Workload Expectations

This course is a standard 15 point course and students are expected to spend 10 hours per week involved in each 15 point course that they are enrolled in.

For this course, you can expect 3 hours of lectures, a 1 hour tutorial, 2 hours of reading and thinking about the content and 4 hours of work on assignments and/or test preparation. Note that group work is involved. Some class time will be allocated to working with your group, but you will also need to use some of the 4 hours assignment time for group work.

Digital Resources

Course materials are made available in a learning and collaboration tool called Canvas which also includes reading lists and lecture recordings (where available).

Please remember that the recording of any class on a personal device requires the permission of the instructor.


The content and delivery of content in this course are protected by copyright. Material belonging to others may have been used in this course and copied by and solely for the educational purposes of the University under license.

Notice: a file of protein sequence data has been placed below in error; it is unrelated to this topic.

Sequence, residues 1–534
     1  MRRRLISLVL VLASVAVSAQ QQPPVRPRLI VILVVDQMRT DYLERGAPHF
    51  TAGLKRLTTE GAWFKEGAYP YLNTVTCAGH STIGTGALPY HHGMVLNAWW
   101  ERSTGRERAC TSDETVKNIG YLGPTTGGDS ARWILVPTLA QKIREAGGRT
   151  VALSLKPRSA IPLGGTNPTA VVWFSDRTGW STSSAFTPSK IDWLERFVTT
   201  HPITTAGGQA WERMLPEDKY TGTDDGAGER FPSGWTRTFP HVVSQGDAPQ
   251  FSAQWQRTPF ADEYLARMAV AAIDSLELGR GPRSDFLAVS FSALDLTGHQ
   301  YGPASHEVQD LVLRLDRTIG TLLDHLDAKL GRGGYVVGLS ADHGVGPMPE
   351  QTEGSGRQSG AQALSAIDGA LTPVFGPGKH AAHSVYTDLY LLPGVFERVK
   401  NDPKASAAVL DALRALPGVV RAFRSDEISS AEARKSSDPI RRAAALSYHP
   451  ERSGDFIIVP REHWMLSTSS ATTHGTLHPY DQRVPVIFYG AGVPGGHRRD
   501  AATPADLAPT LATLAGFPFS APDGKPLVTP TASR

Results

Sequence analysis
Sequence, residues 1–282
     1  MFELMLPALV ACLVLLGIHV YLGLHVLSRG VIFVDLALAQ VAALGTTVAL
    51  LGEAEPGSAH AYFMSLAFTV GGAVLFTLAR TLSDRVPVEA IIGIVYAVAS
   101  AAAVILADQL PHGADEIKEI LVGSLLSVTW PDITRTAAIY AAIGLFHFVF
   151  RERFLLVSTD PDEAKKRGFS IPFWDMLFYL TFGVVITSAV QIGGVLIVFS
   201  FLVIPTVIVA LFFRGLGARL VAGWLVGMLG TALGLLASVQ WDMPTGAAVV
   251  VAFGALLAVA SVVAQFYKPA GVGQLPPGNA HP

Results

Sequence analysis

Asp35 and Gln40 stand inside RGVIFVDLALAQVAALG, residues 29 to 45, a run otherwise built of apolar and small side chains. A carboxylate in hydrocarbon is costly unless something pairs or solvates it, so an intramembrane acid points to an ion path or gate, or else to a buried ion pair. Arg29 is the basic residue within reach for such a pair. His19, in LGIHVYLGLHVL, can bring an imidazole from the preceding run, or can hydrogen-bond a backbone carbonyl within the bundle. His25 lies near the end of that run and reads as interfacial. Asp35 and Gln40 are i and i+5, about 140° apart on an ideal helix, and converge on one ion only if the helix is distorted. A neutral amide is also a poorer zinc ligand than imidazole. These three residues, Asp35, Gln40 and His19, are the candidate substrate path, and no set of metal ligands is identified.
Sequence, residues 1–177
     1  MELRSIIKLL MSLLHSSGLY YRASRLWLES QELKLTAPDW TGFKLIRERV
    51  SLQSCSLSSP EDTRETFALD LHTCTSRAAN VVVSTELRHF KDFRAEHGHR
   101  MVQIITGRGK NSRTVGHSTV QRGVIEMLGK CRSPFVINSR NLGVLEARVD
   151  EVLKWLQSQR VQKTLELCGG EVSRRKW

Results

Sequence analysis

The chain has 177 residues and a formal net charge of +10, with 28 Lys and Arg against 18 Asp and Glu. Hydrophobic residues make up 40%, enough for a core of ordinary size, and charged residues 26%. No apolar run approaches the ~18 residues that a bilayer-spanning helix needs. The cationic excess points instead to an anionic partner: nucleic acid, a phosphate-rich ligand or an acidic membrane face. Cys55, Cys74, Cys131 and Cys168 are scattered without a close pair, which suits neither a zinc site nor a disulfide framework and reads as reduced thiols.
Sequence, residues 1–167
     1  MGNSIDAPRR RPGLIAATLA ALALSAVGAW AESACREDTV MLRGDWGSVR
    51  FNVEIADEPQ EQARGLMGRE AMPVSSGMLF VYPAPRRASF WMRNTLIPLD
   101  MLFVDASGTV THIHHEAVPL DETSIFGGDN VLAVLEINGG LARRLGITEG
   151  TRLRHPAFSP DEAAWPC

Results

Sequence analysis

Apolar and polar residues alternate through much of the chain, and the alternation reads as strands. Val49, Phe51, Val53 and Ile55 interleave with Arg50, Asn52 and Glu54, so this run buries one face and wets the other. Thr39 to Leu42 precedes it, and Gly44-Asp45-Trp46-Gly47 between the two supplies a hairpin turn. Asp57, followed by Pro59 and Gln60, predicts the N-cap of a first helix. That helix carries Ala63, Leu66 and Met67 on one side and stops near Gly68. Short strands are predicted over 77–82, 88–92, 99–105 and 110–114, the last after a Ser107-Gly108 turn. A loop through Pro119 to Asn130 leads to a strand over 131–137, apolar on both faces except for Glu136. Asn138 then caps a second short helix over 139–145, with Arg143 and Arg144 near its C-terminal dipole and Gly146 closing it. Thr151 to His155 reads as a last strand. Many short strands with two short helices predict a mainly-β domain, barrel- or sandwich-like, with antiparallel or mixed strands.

You may copy the course content for the purposes of private study or research, but you may not upload onto any third party site, make a further copy or sell, alter or further reproduce or distribute any part of the course content to another person.

Academic Integrity

The University of Auckland will not tolerate cheating, or assisting others to cheat, and views cheating in coursework as a serious academic offence. The work that a student submits for grading must be the student's own work, reflecting their learning. Where work from other sources is used, it must be properly acknowledged and referenced. This requirement also applies to sources on the internet. A student's assessed work may be reviewed against online source material using computerised detection mechanisms.

Inclusive Learning

All students are asked to discuss any impairment related requirements privately, face to face and/or in written form with the course coordinator, lecturer or tutor.

Student Disability Services also provides support for students with a wide range of impairments, both visible and invisible, to succeed and excel at the University. For more information and contact details, please visit the Student Disability Services’ website at

Special Circumstances